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THE ANSWER TO THE EARPLUG ???

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  • Most people are not lucky enough to look around until they find the perfect horse. Usually, due to financial considerations, they opt for something close and go to work on it. I have an OTT TB that i show as a hunter. He has an old injury and would probably not stay sound doing the jumpers or going cross country. However, he is sound and happy over 3'- 3'6. He tends to be a bit fresh or nervous sometimes, so i stuff his ears.

    According to some of you purists, this horse is probably not best suited for the hunter ring. What else would he do? He is not suitable for a beginner. Due to his injury, even if I did sell him, I would not get much for him. I think this horse is very fortunate to have a good home where he is well fed and cared for. Not everyone is looking to make the Olympic team. I am constantly striving to learn more and better my horsemanship. But I have a family and job, and riding is usually squeezed in between. So crucify me because I am not whispering in my horse's ear (he can't hear me anyway, they're stuffed) and riding him bridleless and bareback.

    So there may be lots of horses in the hunter ring who may be better suited to do something else. Isn't it more important to notice that the horse is fat and happy, and the rider is grinning ear to ear because she just put in a nice round?
    Man plans. God laughs.

    Comment


    • <BLOCKQUOTE class="ip-ubbcode-quote"><font size="-1">quote:</font><HR>Originally posted by Janet:
      I go away fro the weekend, and come back to 3+ pages on earplugs!

      First, the AHSA general rule about artificial appliances is "unconstitutionally vague". If we were to take the "anything not permitted is prohibited" literally, then whips, spurs, martingales, and even, to take it to an extreme, saddles, would be illegal for the hunter division, as none of them are expressly permitted. (Reductio ad Absurdum)

      <HR></BLOCKQUOTE>

      Not so--the saddles are expressly permitted under the appointments section, and martingales are expressly metioned as permitted over fences, but not in the u/s.
      "It's like a Russian nesting doll of train wrecks."--CaitlinandTheBay

      ...just settin' on the Group W bench.

      Comment


      • No, martingales are NOT expressly mentioned as permitted...They are only mentioned under Article 2417 where they're prohibited.

        "Article 2417. Tack....

        3. Martingales of any type are prohibited in Under Saddle, hack and tie-breaking classes."

        Comment


        • The point is, we assume martingales are permitted over fences, since they're not listed as prohibited for those classes.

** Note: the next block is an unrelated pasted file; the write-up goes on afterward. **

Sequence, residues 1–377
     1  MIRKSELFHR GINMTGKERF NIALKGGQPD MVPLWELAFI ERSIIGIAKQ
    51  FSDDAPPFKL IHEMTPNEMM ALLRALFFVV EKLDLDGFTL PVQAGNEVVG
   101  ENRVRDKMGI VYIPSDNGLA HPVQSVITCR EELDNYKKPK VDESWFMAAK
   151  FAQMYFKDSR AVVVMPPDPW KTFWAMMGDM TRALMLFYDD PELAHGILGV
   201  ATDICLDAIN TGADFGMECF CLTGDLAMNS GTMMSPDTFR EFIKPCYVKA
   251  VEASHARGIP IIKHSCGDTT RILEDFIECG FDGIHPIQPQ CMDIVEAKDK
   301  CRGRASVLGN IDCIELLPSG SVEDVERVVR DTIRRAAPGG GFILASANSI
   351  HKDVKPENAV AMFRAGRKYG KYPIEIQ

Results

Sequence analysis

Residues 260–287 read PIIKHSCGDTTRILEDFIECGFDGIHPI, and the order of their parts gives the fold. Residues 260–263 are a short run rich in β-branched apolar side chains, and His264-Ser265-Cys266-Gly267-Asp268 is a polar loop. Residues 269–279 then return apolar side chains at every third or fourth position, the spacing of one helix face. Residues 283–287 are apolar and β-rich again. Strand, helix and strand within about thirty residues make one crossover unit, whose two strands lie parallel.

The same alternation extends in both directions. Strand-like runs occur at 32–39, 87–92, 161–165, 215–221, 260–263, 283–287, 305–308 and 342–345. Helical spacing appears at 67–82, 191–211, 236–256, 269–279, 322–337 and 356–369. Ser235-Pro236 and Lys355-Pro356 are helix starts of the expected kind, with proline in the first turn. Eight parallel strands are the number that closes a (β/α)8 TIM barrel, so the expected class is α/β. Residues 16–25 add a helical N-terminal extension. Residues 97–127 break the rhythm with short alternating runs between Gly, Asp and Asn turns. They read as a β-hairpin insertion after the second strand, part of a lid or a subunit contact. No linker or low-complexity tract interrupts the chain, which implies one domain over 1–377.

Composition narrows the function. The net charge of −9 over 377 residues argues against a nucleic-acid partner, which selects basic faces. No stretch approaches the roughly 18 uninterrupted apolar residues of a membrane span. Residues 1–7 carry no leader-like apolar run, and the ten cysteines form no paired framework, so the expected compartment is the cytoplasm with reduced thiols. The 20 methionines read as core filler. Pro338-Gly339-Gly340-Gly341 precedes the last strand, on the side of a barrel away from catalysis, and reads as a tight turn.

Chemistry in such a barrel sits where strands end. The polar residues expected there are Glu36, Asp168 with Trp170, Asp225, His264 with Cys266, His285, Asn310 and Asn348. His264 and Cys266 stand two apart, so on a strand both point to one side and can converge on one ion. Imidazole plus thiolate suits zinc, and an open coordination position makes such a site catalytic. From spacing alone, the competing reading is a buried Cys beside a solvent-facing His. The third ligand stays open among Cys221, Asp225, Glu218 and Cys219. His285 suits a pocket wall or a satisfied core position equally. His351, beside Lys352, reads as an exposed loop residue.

[This message has been edited by Bertie (edited 04-17-2000).]

          Comment


          • Ok my ignorance shows again - since all of this discussion started I have spent more time with my nose stuck in the rule book than I care to think about LOL . But now I have ANOTHER question. :confused

            Why do you suppose the rules for hunters are so vague while the rules for dressage are EXTREMELY specific? - they even DRAW pictures of the legal bits for us so we get it right (DUH). They list almost every conceivable contraption as either legal or not and make it pretty hard to "bend" the rules. Of course it's not fool proof but it's really specific.

            I'm just curious (really that's all, I'm not trying to be snide or sarcastic, NO REALLY I'm not, promise [img]/infopop/emoticons/icon_smile.gif[/img] )why the "rules" are left to such broad interpretations.

            Comment


            • Here's a guess...Dressage seems to be judged on more of an exact, disciplined performance than working hunters. I'm not saying one is better than the other, just that they're judged differently. So it would make sense that the strictness would carry over to the rules for equipment. Am I all wet?

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              • Two possible reasons why the dressage rules are so precise and the hunter rules are so vague.

                One- the dressage rules are based on the FEI rules which are very specific. (So are the CT rules, which have an equally precise but quite different specification on legal bits.)

                Two - the dressage (rule making) community, for whatever reason, wants to make things precise, while the hunter (rule making) community either wants to keep things vague, or simply can't agree on anything precise. You will also note that the description of what the judge is looking for is much more precise in dressage than hunters.
                Janet

                chief feeder and mucker for Music, Spy, Belle and Tiara. Someone else is now feeding and mucking for Chief and Brain (both foxhunting now).

                Comment


                • Hey guys thanks for the thoughts about the specifics of the rules. Also BIG THANKS for not thinking I was a jerk for asking!!! I think it's really hard to "type" a conversation, it's much too easy to be misconstrued (and the spelling is hard too) LOL!!!

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